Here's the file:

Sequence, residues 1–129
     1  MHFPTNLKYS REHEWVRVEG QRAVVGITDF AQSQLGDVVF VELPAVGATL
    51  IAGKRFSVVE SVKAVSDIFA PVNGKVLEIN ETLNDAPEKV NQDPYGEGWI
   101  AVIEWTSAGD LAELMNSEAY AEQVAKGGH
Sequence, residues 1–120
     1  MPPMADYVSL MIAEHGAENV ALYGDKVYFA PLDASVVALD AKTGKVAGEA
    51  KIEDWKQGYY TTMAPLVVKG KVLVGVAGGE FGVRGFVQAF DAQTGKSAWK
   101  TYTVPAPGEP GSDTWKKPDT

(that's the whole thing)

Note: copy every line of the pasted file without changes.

Sequence, residues 1–129
     1  MHFPTNLKYS REHEWVRVEG QRAVVGITDF AQSQLGDVVF VELPAVGATL
    51  IAGKRFSVVE SVKAVSDIFA PVNGKVLEIN ETLNDAPEKV NQDPYGEGWI
   101  AVIEWTSAGD LAELMNSEAY AEQVAKGGH
Sequence, residues 1–120
     1  MPPMADYVSL MIAEHGAENV ALYGDKVYFA PLDASVVALD AKTGKVAGEA
    51  KIEDWKQGYY TTMAPLVVKG KVLVGVAGGE FGVRGFVQAF DAQTGKSAWK
   101  TYTVPAPGEP GSDTWKKPDT